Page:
This year marks the 20th anniversary of Boys & Girls Clubs of America and Native American communities working together to serve youth. Today, more than 200 Clubs are on Native American lands. Recent visits to two of them revealed the progress that’s being made.
Ramon Elias (right), CPO, and Jason Jones (left), Unit Director, were excellent hosts during my Arizona trip. Their relationship with the Gila River tribe has been such a tremendous help to this organization and to the community!
Ramon Elias is chief professional officer of the Boys & Girls Clubs of the East Valley in Tempe, Ariz. We drove to the Gila River Indian Community together, site of East Valley’s Komatke unit. About 20 years ago, Ramon used a $75,000 grant to buy an old, vacant school here to serve as the Club. He asked Intel to be a partner. The tech company agreed and sponsored a $250,000 facility renovation. Komatke opened in 1995 as Arizona’s first Boys & Girls Club on Native American land. It was so well received, the community requested a second. This led to the founding of its sister unit, Sacaton.
The Gila River Tribe’s ongoing support has been tremendous. Last year, they contributed $850,000 of the $1.1 million budget for the two units. In 2009, they single-handedly funded the new $6.5 million Clubhouse.
Despite making an impact, challenges remain. This includes a high school dropout rate of 80 percent. The community is working hard to change this. For every teen who earns a high school diploma, for instance, the tribe will cover *all costs* to attend any college for four years. Tuition, room, board, books – the whole nine yards. As a result, the number of young people enrolled in college grew from 30 in 1995 to more than 1,000 in 2011.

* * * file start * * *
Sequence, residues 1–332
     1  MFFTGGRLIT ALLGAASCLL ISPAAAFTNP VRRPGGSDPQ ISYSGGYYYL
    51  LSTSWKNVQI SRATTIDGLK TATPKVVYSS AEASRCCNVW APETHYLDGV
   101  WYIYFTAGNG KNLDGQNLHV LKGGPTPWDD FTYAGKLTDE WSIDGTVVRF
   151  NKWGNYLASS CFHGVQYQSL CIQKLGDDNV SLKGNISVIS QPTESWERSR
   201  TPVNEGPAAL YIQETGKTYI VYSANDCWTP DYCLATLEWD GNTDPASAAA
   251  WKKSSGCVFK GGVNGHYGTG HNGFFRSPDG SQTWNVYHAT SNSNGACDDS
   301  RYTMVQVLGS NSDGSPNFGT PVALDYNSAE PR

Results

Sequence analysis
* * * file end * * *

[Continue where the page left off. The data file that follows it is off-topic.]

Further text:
Throughout my travels, the kids have been great. Here, in Washington, I relaxed with a game of pool. It's a great way to meet Club members and learn about the Club.
While in the “Valley of the Sun,” I met with CPO Steve Davidson and Board Chairman Rick Baker of the Boys & Girls Clubs of Greater Scottsdale. We discussed their plans for outcomes and growth, including opening a Club on Hopi tribal lands in 2012.
Interacting with Youth of the Year members is always special for me. So attending the Boys & Girls Clubs of Metro Phoenix’s annual “Today’s Kids, Tomorrow’s Stars” event and meeting the 12 candidates was awesome. Chloe Johnson was named the organization’s Youth of the Year. She will now vie to be Arizona Youth of the Year. Chloe is a wonderful example of how kids can be transformed as members of the Club.
Time spent with Metro Phoenix staff was also insightful. CPO Amy Gibbons leads a great team that includes Vonn Magnin. As Director of Impact, Vonn’s role is to ensure programs and Clubs are aligned to achieve the priority outcomes of academic success, healthy lifestyles, and good character and citizenship.
Washington State’s Tulalip Boys & Girls Club is also one of the first Clubs on Native American land. It opened in 1997 as part of the Boys & Girls Clubs of Snohomish County, where Bill Tsoukalas is executive director. We visited the Tulalip community and its Club together.
We were welcomed by Mel Sheldon, board chair of the Tulalip Tribe and a Snohomish board volunteer. Mel praised the Tulalip Club for promoting the values of education, good decision-making, and drug and alcohol abstinence to youth. Director Chuck Thacker is the retired principal of the local elementary school. He’s been with the Club since it opened and director for four years now. It’s unusual for a non-tribal member to run a Club, but that’s the kind of trust the community has in Chuck.
I enjoyed meeting the younger Club members as much as the older teen Youth of the Year winners. Here, I am having a serious conversation with two of the youngest at the Tulalip Club. Now if I could find a similar pair of sunglasses, I'd be set.
Also in Tulalip was Mike Tulee, BGCA’s Native American Outreach Coordinator. He’s working with Washington state’s 29 federally recognized tribes to open at least two more Clubs in Native American communities by 2013. They’d be modeled on the Tulalip Club, currently the only Native American Club in the state.
The most intriguing part of the Tulalip visit had to be the “Immersion Center.” This 1,700-square-foot addition is being built for “Immersion Presents,” a program created by oceanographer Robert Ballard to inspire careers in science, math and the environment. Kids will be able to interact live with oceanic research crews worldwide via satellite and internet. What a great way to get kids interested in science and math.
The programs at Komatke, Metro Phoenix and Tulalip are life-changing. A future that includes more Boys & Girls Clubs in Native American communities would be a truly great future for young people.